Friday morning last week we were in Poznan, Friday evening we were in Wroclaw. By Sunday I had somehow magically managed to unpack everything! Then a frantic whizzing from place to place to sort out the school, kennels for dogs for our trip, food shopping, food shopping research (gluten free peeps know exactly what I mean!) etc etc.

We somehow managed to pick a great area for ourselves without ever having visited (thats how we roll, haha). Its great with tons of greenery, kids and barking dogs.

Im not sure what it is with barking dogs here…. if my dogs bark they get told off, but it seems here many people have dogs to deter from break-ins, and a quiet dog sleeping indoors obviously doesn’t deter much, so dogs are left stood in gardens barking. Drives me slightly bonkers, but it is what it is. At least I feel totally warranted to smile smugly at all these dog owners that MY dogs are so well trained and don’t bark.

We found a great little shop that sells organic produce and some freshly baked gluten free goods. I was to scared to get any of the baked stuff because even though the lady assured me it was baked in a gluten free kitchen you just never know. I need my hubby to go and ask her all the tough questions in Polish. But the produce! Gigantic organic apples that tasted like the apples from my childhood, I cant wait for summer when all the locally grown berries will come!

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The shop is called Awokado – delikatesy ekologiczne, they have a facebook page (opens in new window).

Slightly further up the same road there is yet another eko (organic) shop, a family farm and the produce is sold in someones garden! Eko eggs and veggies. Im in HEAVEN 😀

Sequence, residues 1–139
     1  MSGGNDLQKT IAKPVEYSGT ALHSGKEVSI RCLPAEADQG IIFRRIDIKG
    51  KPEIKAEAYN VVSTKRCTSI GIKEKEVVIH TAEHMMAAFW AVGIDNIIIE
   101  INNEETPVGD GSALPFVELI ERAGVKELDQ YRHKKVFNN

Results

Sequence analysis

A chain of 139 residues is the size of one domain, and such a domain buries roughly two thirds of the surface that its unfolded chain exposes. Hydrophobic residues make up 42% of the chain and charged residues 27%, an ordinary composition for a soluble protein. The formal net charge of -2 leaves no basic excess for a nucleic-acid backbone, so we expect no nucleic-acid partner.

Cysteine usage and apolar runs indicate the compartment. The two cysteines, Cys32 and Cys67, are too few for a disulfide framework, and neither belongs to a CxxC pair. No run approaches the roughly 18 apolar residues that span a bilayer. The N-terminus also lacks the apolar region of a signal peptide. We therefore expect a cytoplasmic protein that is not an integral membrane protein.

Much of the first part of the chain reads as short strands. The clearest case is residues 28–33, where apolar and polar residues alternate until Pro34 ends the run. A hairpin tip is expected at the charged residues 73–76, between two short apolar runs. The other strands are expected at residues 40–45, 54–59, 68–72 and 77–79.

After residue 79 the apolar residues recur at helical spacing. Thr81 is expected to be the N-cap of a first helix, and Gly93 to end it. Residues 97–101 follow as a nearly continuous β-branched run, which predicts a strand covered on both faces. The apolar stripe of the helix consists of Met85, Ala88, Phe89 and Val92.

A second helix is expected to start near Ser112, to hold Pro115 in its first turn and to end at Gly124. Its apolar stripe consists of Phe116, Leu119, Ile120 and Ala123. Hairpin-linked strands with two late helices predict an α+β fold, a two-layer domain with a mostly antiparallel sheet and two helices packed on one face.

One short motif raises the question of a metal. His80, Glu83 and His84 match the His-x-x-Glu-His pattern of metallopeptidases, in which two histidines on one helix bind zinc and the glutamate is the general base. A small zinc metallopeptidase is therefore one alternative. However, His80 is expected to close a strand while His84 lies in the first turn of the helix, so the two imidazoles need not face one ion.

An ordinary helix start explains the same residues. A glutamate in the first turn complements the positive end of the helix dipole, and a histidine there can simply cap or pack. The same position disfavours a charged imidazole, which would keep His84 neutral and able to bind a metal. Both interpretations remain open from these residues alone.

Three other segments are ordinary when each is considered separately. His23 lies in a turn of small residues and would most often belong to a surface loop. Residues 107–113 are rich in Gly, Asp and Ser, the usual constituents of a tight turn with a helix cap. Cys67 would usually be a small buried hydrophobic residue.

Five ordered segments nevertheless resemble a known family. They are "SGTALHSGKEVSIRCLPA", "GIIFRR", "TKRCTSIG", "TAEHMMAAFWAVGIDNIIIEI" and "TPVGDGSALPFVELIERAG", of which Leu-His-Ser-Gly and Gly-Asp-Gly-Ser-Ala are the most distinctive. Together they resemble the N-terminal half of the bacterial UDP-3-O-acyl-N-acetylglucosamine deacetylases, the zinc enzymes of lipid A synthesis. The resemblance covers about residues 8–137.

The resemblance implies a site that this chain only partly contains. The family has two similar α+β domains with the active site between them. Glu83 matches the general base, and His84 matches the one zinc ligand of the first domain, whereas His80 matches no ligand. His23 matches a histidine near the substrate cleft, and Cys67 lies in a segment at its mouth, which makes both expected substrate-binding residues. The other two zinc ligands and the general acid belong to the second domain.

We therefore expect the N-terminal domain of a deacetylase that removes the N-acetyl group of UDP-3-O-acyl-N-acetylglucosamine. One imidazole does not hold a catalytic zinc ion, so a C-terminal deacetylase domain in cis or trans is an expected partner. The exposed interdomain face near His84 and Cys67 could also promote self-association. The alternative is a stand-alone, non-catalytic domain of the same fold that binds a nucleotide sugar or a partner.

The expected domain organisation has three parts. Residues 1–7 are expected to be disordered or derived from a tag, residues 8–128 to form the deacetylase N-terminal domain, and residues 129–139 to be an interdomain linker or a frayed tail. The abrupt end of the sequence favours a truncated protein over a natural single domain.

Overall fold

I have yet to find where the shops selling all the breads are hiding, so far its all schar. Im guessing I need to find another delikatessen. In Poznan we found most of the breads in normal supermarkets. Im sure I will find all what we need eventually.

Few more days now then its Dubai time! Cant wait. Also cant wait to come back and for kids to start their new international school where people speak only english. Happy happy happy! 😀

-Linda

 

Wroclaw, I think I love you!

Have you ever visited somewhere and felt instantly at home? You know, that almost ‘in love’ feeling where you walk around with a silly smile on your face and just want to inhale the air even further in to your lungs, almost inhaling the actual place? If you’ve never felt that way, then feel free to think I’m a lunatic, and I wish you luck in finding your ‘at home’ place.

We went to visit Wroclaw because the school situation here in Poznan was getting to a point where we have to leave. So quick, we must find another town, another school! I didn’t expect to find another ‘at home’ place in the process, a city that Im sure will always live in my heart.

Where Poznan at times feels half asleep, Wroclaw feels alive, pulsating, moving! Where at times I feel like Poznan is in black and white, Wroclaw is totally 100% in colour! And they have gnomes! (I will have to do a full post about the gnomes one day, they are awesome!)

Poznan is nice, I like our house here and its been fine, but is fine enough? I guess that if the school had lived up to our expectations, and our children had been educated well, cared for well and been happy, then fine would have evolved to good. But unfortunately the school situation has been a total disaster. We visited two schools in Wroclaw and my kids would be lucky to go to either one of them.

So, we are moving to Wroclaw!   – insert jumping up and down exited smiley here –

-Linda

I write blog posts in my head…..

Every night its the same story, I cant sleep, my mind is whizzing and swirling like crazy, so I write, in my head, and some totally amazing oscar winning material style blog posts are written some nights. Of course, by morning, I dont remember a word and dont feel inspired at all.

I realised I haven’t written much on here about life, and about the things around us. The truth is, I rarely write unless its positive. Why? Surely people who want to share our lives by reading here want the good with the bad? Or is it just that living for so many years in the Middle East has made me unable to write negative things out of fear of being told off? Freedom of Speech is a great thing, but I actually set far harsher limits on myself then any government. I still – even though I can speak openly – don’t speak badly of people, companies, brands, institutions etc. I am pretty sure if I had, there would have been a ton more traffic here, but I also don’t write for traffic.